Fun with Firefox

I’ve finally gotten with the program and switched over to Firefox. (The fact that IE went totally nonfunctional on me and I spent five days without internet at home while we worked through the whole “no it’s not the modem” thing made my arrival on the path of righteousness all the more triumphant.)

To start with – saving my tabs, how fucking helpful is that? And I’m sure it will do many other things to make my life more delightful.

So what are they?

Mouse gestures. Once you get used to them you’ll never go back. I only delay my switching over to Google’s Chrome because this feature isn’t there yet.

100% agree. I use All-in-One Gestures and it’s the only extension I must have. In the 5 months since I got this new computer I actually haven’t even bothered to reinstall any of my other old extensions, but I got gestures back on the first day.

As for non-extension Firefox goodies, “undo close tab” is right up there. Can’t live without it.

Just got it. Think I’ll keep it… Thanks…

I have
ColorZilla: color picker, page zoomer, etc.
Custom Download Manger: oddly enough, it makes downloads easier
Dowload Statusbar: I really like this
Graphing Calculator Toolbar: I’ve got kids. They’ve got homework.
hideBad: removes history, and related things. Very helpful at work, if say, you come here
PDF Download: seems to spin off PDF downloads into a separate thread, so your browser doesn’t appear to lock up.
Sage: A RSS and Atom feeder
Stealther: Allows you to surf without leaving a trace in Firefox. Veeeery handly here at work.
Tab Kit and Taboo: Tab managers. I’m not sure which one I’m using, but for example, my tabs are now in a color coded tree on the right side of my browser.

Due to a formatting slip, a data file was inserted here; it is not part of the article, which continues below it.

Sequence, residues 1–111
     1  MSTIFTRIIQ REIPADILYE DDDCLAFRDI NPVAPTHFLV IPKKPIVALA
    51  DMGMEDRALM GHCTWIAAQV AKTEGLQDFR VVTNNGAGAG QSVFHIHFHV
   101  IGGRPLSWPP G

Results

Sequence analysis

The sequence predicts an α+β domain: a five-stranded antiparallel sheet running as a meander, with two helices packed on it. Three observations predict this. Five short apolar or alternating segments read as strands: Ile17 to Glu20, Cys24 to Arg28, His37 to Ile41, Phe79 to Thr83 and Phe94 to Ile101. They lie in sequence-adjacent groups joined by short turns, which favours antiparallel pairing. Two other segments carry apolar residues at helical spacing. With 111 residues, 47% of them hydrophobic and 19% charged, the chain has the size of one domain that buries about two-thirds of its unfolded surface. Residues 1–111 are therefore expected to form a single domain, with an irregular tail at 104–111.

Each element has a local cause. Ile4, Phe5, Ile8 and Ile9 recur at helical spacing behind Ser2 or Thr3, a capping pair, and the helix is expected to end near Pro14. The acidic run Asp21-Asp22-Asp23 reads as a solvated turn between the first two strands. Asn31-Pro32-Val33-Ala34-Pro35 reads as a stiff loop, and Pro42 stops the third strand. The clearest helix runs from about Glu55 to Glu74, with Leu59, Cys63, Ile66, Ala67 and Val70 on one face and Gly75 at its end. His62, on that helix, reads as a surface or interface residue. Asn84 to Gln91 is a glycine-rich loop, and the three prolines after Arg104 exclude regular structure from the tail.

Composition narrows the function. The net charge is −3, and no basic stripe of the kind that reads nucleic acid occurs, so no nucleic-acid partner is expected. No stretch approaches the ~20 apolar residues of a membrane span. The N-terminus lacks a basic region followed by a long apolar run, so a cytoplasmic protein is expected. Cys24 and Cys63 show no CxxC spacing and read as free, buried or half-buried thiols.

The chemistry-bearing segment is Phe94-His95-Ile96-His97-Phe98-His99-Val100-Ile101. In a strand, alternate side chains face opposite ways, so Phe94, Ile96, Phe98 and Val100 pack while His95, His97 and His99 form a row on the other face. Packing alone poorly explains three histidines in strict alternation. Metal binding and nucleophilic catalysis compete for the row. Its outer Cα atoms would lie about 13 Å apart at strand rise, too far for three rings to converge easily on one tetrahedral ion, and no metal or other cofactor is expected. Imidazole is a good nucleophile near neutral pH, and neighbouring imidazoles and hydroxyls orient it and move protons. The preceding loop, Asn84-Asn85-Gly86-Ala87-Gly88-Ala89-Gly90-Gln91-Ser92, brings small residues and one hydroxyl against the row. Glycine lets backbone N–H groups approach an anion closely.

User Agent Switcher: let’s you spoof IE when sites ask. (MS updates used to do this. Since I almost exclusively use Linux, I’m not sure now. It does not implement .NET, though, so I was still screwed for the Olympics.)

Adblock. That’s the “killer app” for me.

(Sorry, can’t create hyperlinks since they made the … what ever it was, earlier this year. A few months ago, “adblock” would have been a hyperlink you could klick and everything.)

Adblock Plus is an absolute must-have. It’s better than Adblock because it automatically updates its blacklist so it stays on top of things better.

NoScript makes your browser fairly secure by default. It does this by disabling Javascript and plugins (Flash, Java, Silverlight (who uses that?)) in a somewhat esoteric way (the attacks are esoteric, so the defenses must be as well). The downside is that it can cause sites to just stop working until you configure it to be a bit less totalitarian. The plus side is that configuration is very fine-grained and fairly intuitive (point-and-click): You can allow all of the good scripts (from the site itself) while still blocking all of the bad ones (from known advertisers and unknown miscreants). I suggest installing it because I think the added security worth the hassle of configuring it, especially if you’re on Windows.

Tab Mix Plus enhances tabbed browsing far beyond what Firefox offers, even now with all the improvements of Firefox 3. The feature list is fairly long and exploring all the options would be an adventure but it has good default behavior.

Forecastfox brings the weather to your status bar, both current and forecast. It can even show you an animated radar map.

The Wizz RSS News Reader is the easy path to RSS junkie-hood. You can easily monitor hundreds of different feeds, which is nice because it comes with about that many pre-loaded, all nicely categorized for your obsessive convenience.

Greasemonkey is in a class by itself: an extension that lets you extend it, quickly and easily (no reloading the browser!). Greasemonkey extensions are called User Scripts, and there are a whole lot of them, many of them site-specific. If you get Greasemonkey, grab Platypus as well so you can create your own User Scripts just by pointing and clicking. Greasemonkey and Platypus let you rewrite your view of the Web.